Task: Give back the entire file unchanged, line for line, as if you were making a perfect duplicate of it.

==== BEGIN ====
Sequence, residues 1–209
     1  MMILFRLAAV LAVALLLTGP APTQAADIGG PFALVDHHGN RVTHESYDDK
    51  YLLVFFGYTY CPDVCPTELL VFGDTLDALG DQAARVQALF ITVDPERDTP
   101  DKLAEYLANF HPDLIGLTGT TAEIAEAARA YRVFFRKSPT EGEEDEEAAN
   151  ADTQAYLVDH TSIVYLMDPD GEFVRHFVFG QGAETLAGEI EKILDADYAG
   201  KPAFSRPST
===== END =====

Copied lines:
Sequence, residues 1–209
     1  MMILFRLAAV LAVALLLTGP APTQAADIGG PFALVDHHGN RVTHESYDDK
    51  YLLVFFGYTY CPDVCPTELL VFGDTLDALG DQAARVQALF ITVDPERDTP
   101  DKLAEYLANF HPDLIGLTGT TAEIAEAARA YRVFFRKSPT EGEEDEEAAN
   151  ADTQAYLVDH TSIVYLMDPD GEFVRHFVFG QGAETLAGEI EKILDADYAG
   201  KPAFSRPST